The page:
The second part of the poem does not convey the idea of an impregnable character. Through the utterance “My wishes raced the house high hay” (41), the reader perceives the image of a terrified, hunted, or anxious child. The condition of his mind has changed as he cannot cope with the air raids that he has to endure. Although he utters the words “Nothing I cared” twice (42/46), a casual tone or nonchalance are not implied here. In contrast, the repetition and sentences such as “I ran my heedless ways” (40) drive home the notion of a child hunted by terror. Thus, the poem first portrays an airy, jaunty child who undergoes a night of terror and is moulded into an obsessed being.

Analysis of The Stylistic Devices / Time As A Second Character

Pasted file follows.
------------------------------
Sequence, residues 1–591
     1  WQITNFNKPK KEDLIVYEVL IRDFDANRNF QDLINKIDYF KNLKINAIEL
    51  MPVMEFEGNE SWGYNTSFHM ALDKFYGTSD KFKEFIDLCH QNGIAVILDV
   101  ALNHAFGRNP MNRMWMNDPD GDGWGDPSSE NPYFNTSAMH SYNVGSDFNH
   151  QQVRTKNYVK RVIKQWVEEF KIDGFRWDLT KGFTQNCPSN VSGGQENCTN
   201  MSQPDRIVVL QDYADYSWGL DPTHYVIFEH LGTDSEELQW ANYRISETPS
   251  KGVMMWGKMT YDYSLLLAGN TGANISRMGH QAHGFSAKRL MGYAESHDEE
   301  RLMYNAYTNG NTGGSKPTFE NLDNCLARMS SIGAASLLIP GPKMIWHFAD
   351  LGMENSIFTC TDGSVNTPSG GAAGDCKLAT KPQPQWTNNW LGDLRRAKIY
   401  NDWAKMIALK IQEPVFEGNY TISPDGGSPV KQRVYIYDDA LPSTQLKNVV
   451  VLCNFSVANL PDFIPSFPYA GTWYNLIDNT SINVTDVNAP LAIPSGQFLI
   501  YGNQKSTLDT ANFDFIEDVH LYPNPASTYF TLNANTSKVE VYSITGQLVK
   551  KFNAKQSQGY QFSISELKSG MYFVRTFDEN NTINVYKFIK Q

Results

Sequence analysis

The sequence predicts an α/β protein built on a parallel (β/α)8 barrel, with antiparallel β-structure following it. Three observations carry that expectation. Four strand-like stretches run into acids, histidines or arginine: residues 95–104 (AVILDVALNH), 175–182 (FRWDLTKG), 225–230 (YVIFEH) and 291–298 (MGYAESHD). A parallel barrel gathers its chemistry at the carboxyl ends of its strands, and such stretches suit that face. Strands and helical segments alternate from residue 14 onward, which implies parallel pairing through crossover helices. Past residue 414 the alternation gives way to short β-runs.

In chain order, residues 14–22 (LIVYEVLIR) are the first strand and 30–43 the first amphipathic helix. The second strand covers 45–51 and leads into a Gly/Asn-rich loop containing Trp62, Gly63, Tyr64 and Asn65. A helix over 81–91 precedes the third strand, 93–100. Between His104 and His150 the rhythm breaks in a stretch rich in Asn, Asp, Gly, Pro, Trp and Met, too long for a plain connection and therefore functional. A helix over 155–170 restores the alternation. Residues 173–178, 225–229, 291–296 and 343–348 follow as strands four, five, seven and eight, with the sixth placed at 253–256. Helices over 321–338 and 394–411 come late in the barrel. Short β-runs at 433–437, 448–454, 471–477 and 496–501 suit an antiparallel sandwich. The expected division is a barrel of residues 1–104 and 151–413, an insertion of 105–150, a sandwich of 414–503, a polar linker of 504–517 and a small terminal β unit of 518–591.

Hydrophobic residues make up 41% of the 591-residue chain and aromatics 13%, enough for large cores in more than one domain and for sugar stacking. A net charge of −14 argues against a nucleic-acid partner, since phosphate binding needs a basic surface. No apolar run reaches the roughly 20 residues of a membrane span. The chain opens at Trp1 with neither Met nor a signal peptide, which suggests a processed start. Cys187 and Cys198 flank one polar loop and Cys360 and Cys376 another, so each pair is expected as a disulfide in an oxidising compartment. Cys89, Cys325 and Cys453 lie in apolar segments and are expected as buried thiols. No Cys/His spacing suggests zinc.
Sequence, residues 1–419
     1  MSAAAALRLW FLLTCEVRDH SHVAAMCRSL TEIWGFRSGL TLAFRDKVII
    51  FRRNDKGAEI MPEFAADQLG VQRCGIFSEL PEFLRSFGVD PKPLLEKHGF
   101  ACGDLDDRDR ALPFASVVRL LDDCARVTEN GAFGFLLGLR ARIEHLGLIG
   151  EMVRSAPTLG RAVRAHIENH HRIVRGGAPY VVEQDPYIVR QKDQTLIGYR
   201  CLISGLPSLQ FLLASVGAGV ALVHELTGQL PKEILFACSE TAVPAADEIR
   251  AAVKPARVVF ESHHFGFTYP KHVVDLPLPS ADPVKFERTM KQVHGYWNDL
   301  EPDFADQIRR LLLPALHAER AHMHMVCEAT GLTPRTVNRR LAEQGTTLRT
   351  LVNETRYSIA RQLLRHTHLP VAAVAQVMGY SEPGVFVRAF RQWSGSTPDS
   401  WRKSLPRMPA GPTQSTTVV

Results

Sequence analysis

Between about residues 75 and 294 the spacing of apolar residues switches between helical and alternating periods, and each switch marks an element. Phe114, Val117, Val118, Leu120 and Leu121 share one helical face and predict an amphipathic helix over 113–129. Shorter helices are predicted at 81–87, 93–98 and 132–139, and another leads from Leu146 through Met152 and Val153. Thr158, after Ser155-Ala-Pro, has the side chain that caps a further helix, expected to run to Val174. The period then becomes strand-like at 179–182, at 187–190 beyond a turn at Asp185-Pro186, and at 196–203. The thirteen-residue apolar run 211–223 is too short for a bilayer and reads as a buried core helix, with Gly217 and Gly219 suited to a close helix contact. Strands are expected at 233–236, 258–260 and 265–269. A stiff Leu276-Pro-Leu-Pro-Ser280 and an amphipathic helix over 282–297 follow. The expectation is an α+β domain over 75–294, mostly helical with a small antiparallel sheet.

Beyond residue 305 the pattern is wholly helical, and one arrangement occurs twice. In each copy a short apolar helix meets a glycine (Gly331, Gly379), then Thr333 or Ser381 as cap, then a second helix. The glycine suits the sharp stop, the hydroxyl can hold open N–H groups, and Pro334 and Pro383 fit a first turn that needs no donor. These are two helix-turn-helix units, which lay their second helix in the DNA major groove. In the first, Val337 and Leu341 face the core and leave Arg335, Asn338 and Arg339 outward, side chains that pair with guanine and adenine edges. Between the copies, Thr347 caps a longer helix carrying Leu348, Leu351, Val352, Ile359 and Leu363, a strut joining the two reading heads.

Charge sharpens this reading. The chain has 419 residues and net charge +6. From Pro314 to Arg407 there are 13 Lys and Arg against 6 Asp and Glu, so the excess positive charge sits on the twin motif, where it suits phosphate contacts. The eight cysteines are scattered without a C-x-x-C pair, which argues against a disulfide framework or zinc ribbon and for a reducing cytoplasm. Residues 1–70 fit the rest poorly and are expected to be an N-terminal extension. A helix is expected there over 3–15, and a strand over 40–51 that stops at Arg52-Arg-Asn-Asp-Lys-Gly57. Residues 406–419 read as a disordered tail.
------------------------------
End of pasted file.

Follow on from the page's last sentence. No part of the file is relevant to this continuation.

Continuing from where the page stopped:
Throughout the poem, the author makes frequent use of metaphor and simile, so that the reader can follow the young boy´s feelings and imagine his thoughts. As John Ackermann has stated, typical “characteristics are a richness of metaphor, often not as precise or consistent as it might be; a delight in fantasy and the irrational; and a deep, pervading pathos” (11). Nevertheless, only the most obvious uses of stylistic devices can be described, because it would require the length of a whole book to analyse each example.